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Updated: Feb 18, 2019

A memorable group joined us in Calgary to welcome the new year (2016) with a cacao ceremony!

Kristin and I traveled a LOT in 2015 and as 2016 drew closer we decided to make our way back towards our home base on Vancouver Island, British Columbia, Canada. We stopped in Calgary, Alberta to visit friends and family there over the December holidays. During that time we were invited to host a #cacaoceremony in the home of a lovely friend whom we'd known for many years. We decided that a #ceremony on New Years Eve would be a perfect way of honoring all that had happened in the year gone by as well as help to bring more loving intentions forward into the new year ahead.

A bubbling cup of ceremonial grade cacao, ready to be sipped!

Kristin and I had acquired two beautiful new instruments on our travels back to Canada and we were excited to share them with the guests at our new year's eve #cacaoceremony. We had each purchased a quartz crystal singing bowl, one in the key of “F” which is typically associated with the heart chakra and one in the key of ”B” which associates with the crown chakra. We had been experimenting with Tibetan singing bowls for a couple of years and had been working on manifesting crystal singing bowls for quite a while. We felt very blessed to have been given the opportunity to purchase and share these very powerful healing instruments.

A picture of our crystal bowls at a more recent event on Pender Island, BC. These bowls have really gotten around!!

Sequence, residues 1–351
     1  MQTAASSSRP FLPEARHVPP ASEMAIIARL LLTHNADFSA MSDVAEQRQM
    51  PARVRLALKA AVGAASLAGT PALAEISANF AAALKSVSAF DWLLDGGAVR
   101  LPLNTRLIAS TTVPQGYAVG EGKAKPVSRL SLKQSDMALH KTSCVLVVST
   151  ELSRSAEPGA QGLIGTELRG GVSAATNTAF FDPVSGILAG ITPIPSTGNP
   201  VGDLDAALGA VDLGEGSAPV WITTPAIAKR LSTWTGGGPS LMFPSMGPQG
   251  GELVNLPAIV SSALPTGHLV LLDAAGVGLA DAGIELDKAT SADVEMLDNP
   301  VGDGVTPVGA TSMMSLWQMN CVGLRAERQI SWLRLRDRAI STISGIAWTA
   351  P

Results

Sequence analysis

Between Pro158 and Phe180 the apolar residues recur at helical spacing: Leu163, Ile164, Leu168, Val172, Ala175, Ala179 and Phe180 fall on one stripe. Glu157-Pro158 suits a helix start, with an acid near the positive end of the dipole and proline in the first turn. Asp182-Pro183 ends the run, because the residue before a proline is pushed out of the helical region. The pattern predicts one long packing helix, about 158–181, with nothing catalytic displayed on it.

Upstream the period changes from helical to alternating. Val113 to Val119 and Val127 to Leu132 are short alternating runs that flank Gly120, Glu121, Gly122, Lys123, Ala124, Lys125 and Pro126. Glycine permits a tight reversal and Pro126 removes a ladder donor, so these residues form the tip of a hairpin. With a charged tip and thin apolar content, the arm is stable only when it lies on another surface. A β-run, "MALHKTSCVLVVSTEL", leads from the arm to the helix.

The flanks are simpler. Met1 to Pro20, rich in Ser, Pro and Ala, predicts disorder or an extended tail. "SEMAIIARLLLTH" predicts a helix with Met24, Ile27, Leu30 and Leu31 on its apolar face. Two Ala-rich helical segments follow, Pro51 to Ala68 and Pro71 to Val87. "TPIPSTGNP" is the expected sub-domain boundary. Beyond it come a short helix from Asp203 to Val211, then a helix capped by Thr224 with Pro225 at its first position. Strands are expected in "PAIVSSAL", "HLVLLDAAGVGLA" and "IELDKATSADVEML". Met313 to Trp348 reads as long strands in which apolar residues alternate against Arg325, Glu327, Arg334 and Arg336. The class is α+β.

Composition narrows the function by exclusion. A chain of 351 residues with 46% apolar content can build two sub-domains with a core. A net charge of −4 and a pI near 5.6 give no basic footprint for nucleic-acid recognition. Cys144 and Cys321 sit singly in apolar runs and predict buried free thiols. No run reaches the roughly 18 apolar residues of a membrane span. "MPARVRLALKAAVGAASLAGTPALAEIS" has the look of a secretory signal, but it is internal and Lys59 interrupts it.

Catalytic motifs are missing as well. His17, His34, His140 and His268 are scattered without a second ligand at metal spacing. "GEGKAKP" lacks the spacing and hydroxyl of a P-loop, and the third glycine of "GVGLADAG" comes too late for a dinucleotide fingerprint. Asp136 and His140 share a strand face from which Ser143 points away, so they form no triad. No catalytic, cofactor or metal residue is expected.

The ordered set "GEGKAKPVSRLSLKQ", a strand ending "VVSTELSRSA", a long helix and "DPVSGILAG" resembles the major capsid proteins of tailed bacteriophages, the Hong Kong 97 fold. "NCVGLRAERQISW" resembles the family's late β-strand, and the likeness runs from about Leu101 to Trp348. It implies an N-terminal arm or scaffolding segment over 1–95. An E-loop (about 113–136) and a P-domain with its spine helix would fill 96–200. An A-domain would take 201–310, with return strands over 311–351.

The New Year's #cacaoceremony we hosted in 2016 was a huge hit and started a tradition of doing a #cacaoceremony every year at this time. The shifting of the calendar, although it IS just another day, can be a very powerful time to catapult our dreams and desires into reality if choose to make it that. This year we invited a small group to gather at our new home on Gabriola Island where we shared our intentions for what we were wanting to let go of from 2018 and the things we were most excited to manifest in 2019.

Little did we know but the #cacaoceremony in Calgary would kick start a flurry of #cacaoceremonies for us back home on Vancouver Island. When we returned to the island we were invited to share ceremonies in many new and exciting places and venues. Our first #cacaoceremony in Victoria was to celebrate Valentine's Day, what better way to enjoy some 100% pure #ceremonialgradecacao. We co-facilitated with a lovely woman from Victoria, BC whom we'd met during our #cacaoceremony in Sooke, BC, in 2015, named Tanya Devine. She is an amazing didgeridoo player, sound healer and space holder. Together the three of us hosted the largest #ceremony we've every pulled off to date with a whopping 60 people joining us in sacred space.

Tanya with two of her collection of didgeridoos and other instruments, all of which she is very talented at playing!